Warm chocolate chip cookies and radishes! You’ve smelled fresh baked chocolate chip cookies haven’t you? They smell delicious.
What do chocolate chip cookies and radishes have to do with willpower, performing better, and time management?
Willpower is a limited supply.
A study from Case Western Reserve University illustrates the point. Researchers placed freshly baked chocolate chip cookies before two groups of participants, instructing one group to eat two or three and the other to eat radishes (while watching the others partake).
Then everyone was asked to try to solve an impossible puzzle. Participants who had to resist the treats gave up on the problem twice as fast as those who were allowed to indulge.
"Willpower is like gas in your car," says Kathleen D. Vohs, PhD, associate professor of consumer psychology at the Carlson School of Management in Minneapolis. "When you resist something tempting, you use some up. The more you resist, the emptier your tank gets, until you run out of gas."
The good news: "Once you understand the forces that weaken your self-control, you can do a lot to strengthen it," says Vohs.
Charles Duhigg’s The Power of Habit suggests concentrate your willpower where you need it most. Each of us has a limited supply of self-control, if you try to exert it in too many areas at once, you'll rapidly deplete your reserve.
Don’t start your day by sorting and responding to your email. Use the part of the day that you have your highest willpower to focus on your highest priority task.
When you start your day by sorting through emails you quickly diminish your reserve capacity of willpower. Sorting through emails, deciding which to keep, which to respond to and what to say in an email can be exhausting. It eats up huge amounts of willpower. Save reading/sorting through emails at the very end of the day, and warn everyone that’s your pattern.
Instead focus on the most important task to begin your day. The Power of Full Engagement warns that it takes 23 minutes to get up to speed on anything. Most of us are interrupted every 7 minutes. If it’s not a phone call or email, it’s something on our desk distracting us from fully concentrating.
That’s why a success force habit to start is to remove everything from your desk to start fresh without any distractions each morning.
Another good rule is to plan your day with precision and specificity. Simply planning your next day with your six highest priorities is an excellent way to end each day. The next step however can ensure you get as much done as possible, and most importantly achieve your highest priority.
Next to each item you’ve prioritized list the specific time and place you’ll work on it.
If you begin each day with a clean desk, working on your #1 priority for the day for a full hour with no interruptions you’re likely to accomplish more and complete most priorities in the first hour of the day.
It’s widely known that accomplishing one thing provides more energy and certainly momentum.
Have you ever been dead tired at the end of the day working on a project, only to discover once you’ve completed it you suddenly have the energy to do more? That’s the feeling of accomplishment that renews and invigorates us!
There is so much value to working on your top priority each day first that once you develop the habit it will be difficult to not make it become a routine. In fact you’ll discover you are so productive you’ll feel disappointed and unproductive when you don’t do so each and every day.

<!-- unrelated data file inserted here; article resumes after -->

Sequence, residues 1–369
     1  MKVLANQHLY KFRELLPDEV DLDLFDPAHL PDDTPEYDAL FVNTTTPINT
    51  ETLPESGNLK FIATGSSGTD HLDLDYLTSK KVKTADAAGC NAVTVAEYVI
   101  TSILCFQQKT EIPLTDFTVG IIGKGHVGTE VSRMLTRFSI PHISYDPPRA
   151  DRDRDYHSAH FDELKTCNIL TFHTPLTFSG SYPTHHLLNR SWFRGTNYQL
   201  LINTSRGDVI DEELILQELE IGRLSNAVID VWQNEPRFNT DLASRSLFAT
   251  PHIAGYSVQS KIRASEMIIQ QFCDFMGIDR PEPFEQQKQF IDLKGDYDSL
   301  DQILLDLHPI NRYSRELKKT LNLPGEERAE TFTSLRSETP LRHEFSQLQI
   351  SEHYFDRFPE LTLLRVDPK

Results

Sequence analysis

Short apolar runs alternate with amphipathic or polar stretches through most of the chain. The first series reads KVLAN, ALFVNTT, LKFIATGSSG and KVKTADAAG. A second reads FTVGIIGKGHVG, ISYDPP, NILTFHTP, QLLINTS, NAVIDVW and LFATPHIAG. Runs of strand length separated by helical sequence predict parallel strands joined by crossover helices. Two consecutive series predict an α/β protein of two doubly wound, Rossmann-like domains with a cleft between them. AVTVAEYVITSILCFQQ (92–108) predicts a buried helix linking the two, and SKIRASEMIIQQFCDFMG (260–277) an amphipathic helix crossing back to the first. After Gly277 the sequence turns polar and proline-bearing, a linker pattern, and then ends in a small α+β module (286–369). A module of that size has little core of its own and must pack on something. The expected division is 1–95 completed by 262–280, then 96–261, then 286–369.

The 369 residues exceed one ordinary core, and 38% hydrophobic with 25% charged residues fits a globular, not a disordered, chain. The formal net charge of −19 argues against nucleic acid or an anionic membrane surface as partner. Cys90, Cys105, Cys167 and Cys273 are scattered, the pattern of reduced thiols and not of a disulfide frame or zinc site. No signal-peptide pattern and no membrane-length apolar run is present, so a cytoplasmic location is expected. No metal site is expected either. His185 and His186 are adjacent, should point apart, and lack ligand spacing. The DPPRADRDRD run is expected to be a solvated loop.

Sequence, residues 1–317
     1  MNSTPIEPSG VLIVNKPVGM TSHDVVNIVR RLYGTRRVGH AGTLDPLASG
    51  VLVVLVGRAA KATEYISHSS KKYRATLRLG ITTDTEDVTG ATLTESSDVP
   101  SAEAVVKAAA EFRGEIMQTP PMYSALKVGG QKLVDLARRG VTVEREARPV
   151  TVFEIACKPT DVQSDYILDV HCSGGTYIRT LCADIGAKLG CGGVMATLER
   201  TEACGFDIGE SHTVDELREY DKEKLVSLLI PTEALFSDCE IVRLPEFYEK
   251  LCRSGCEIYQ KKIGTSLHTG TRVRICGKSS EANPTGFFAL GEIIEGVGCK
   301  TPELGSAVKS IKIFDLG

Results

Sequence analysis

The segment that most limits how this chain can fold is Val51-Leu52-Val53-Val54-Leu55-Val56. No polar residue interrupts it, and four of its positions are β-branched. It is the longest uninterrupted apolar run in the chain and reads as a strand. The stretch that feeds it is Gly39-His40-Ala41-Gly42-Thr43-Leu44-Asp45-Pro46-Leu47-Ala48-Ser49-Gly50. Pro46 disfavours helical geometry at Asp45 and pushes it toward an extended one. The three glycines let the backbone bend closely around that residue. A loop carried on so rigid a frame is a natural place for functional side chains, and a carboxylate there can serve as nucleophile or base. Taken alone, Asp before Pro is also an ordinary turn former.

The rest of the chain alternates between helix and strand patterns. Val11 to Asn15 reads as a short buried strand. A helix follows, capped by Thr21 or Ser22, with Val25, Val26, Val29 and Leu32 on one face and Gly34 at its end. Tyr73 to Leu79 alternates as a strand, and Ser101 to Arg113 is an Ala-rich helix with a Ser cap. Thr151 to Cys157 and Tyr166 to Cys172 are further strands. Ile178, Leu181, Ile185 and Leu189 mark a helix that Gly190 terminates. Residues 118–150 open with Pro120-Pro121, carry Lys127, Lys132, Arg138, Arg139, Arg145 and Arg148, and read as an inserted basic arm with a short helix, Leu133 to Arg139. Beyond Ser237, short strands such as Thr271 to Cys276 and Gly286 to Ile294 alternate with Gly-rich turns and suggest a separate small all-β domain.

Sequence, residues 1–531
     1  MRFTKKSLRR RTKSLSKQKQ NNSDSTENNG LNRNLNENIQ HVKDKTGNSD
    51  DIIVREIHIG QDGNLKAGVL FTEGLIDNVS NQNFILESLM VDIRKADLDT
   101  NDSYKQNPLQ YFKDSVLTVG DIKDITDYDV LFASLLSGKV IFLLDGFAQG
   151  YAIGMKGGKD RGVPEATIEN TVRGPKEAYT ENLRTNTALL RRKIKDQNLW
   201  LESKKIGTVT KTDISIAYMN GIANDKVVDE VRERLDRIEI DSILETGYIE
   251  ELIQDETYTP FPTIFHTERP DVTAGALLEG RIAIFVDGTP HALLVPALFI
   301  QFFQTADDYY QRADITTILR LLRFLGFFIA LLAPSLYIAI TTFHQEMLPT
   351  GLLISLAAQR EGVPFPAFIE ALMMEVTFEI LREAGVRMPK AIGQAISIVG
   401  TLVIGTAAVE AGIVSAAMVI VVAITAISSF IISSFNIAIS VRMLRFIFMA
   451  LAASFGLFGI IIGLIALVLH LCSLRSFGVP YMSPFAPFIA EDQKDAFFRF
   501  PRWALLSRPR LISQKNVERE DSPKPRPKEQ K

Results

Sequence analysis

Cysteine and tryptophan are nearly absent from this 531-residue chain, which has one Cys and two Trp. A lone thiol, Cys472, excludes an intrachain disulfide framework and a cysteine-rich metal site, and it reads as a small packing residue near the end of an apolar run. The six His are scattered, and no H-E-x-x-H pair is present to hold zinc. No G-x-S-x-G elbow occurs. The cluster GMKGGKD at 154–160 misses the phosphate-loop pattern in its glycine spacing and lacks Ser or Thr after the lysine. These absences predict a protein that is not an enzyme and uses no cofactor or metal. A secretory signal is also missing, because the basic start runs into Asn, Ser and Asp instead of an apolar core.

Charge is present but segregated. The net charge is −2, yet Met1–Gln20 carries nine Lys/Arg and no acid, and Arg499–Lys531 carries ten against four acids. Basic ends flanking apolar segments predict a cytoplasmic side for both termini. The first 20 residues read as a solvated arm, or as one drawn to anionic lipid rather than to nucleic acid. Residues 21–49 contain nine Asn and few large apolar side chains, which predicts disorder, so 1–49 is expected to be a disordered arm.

How important is willpower? A experiment in the 1960’s at Stanford university with a group of four-year-olds suggests it’s a major determinant of success.
The four year olds were offered a marshmallow right away, or if they waited a few minutes, they could have two marshmallows. 30% of the children managed to wait and double their treats when the researchers came back in 15 minutes.
Years later when these students were tracked down in high school the researcher’s discovered the grades, SAT scores, the ability to maintain friendships and the capacity to “cope with important problems,” was highest in those four year olds who had delayed their gratification the longest. They had the best grades and SAT scores were 210 points higher than the other students. In addition they were more popular and did fewer drugs.
The marshmallow ignoring children had self-regulatory skills that gave them an advantage throughout their lives.
When scientist began conducting related experiments to figure out how to help kids increase their self-regulatory skills they learned to teach them simple tricks to distract themselves. Drawing a picture or imagining a frame around the marshmallow so it seemed like a photo and less real helped them learn self-control.
Willpower is a learnable skill as Starbucks discovered, something that can be taught just as children learn math and say “thank you!”
Perhaps the most powerful impact of willpower is that it is a skill. A skill, after all, is something that remains constant from day to day. Better yet, as demonstrated by these children’s improved willpower, habits spill over into other parts of life.
Wouldn’t it make sense then to hire and or train your people to demonstrate willpower in the workplace as Starbuck has done?
Tom Verducci’s recent Sports Illustrated article on New York Yankee’s retiring shortstop Derek Jeter offers insights into the value of habits and routines. We’ll explore Jeter’s example of leadership, positive habits and example next blog.
Want to learn how to implement positive habits and rituals in your business? Plan to attend Mastering the Rockefeller Habits Four Decision Workshop. Download the Mastering the Rockefeller Habits Four Decision Workshop flyer. Register to attend this event November 12th in Cedar Rapids.